Richard, I'll call him, lives in Chester, is 59 and unemployed, so when the U.S. Census Bureau started advertising for census takers, he applied for the job. After all $17.75 an hour is decent pay, even for temporary work. But the Census has made it all but impossible for him to get a job, Richard said. You can read my article about this problem and about a lawsuit that has been filed against the bureau in Wednesday's Philadelphia Inquirer.
Here's Richard's story: In 2001 and 2002, (or maybe it was 2000 and 2001), he was arrested twice for driving under the influence. Something must have made an impact on him because, "I haven't had a drink in seven and a half years."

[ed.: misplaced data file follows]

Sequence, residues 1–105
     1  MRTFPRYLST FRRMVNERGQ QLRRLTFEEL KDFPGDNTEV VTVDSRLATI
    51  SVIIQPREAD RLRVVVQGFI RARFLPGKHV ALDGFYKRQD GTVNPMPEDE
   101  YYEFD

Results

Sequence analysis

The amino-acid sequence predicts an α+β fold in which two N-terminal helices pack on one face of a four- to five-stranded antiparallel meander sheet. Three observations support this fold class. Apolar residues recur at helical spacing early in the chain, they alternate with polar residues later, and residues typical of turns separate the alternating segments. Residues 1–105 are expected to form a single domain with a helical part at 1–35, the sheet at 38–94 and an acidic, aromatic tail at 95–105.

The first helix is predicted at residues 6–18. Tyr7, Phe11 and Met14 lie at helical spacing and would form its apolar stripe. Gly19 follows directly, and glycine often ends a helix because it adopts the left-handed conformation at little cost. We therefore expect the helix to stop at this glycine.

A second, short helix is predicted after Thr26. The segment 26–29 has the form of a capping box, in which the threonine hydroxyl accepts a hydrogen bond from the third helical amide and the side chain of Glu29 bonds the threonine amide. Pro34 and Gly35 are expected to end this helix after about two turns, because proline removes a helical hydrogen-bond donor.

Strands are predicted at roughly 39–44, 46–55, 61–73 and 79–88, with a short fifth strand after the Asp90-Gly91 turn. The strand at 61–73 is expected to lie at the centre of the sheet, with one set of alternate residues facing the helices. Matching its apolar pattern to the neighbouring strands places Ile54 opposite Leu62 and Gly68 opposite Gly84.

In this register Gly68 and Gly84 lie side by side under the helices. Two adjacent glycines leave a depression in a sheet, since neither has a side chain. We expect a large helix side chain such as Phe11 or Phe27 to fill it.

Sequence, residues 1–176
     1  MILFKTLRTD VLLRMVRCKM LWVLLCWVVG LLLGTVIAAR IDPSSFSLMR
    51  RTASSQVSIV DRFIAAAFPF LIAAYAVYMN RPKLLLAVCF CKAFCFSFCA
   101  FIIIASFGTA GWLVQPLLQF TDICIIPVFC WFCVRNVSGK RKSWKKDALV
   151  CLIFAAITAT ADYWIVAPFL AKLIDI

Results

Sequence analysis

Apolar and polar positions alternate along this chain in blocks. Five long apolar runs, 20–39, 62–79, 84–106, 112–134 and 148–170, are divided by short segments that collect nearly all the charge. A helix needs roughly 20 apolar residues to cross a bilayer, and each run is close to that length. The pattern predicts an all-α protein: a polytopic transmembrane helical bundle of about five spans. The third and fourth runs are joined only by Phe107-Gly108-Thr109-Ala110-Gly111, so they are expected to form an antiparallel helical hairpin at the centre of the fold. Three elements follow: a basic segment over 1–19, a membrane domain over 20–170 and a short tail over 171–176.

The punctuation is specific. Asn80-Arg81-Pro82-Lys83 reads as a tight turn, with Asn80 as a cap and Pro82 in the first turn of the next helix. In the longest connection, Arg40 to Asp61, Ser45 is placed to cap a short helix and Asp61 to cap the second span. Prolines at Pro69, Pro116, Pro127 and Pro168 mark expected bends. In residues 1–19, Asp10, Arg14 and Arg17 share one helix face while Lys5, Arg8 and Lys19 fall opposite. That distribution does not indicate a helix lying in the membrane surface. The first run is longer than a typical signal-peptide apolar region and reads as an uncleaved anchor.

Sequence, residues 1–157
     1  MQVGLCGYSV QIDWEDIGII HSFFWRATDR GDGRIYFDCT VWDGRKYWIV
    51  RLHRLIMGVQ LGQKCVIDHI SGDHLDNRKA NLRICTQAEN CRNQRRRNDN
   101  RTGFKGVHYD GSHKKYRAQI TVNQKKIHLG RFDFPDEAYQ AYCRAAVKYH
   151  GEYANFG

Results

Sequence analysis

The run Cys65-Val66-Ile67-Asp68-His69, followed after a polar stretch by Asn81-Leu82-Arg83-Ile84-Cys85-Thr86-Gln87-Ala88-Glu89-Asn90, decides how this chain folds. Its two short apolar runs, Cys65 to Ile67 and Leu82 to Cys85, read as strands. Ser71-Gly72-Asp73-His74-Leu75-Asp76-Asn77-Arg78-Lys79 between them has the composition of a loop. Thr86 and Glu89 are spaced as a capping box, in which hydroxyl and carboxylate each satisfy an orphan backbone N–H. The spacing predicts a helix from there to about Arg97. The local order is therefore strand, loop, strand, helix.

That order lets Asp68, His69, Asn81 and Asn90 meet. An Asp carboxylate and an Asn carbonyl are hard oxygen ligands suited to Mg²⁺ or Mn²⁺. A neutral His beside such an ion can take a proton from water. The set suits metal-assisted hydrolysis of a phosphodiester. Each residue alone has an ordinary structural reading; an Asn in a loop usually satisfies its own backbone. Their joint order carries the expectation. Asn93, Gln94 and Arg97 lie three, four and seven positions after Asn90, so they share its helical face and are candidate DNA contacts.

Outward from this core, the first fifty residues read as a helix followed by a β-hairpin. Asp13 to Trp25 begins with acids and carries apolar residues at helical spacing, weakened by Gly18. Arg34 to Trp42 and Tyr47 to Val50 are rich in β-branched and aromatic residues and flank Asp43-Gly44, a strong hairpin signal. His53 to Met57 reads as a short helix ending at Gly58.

When Richard applied to the Census, the bureau scanned a national FBI database and kicked up his arrest record. They sent him a letter asking for all sorts of court documents relating to his arrest. Richard said that getting copies of these documents represents a real burden to him, because he is unemployed and the trip to Media to get the documents would be hard for him to afford.
Richard wonders why the Bureau can't get the records and see for themselves. Also, he wonders what possible relevance this arrest would have on his ability to walk door-to-door and ask people questions.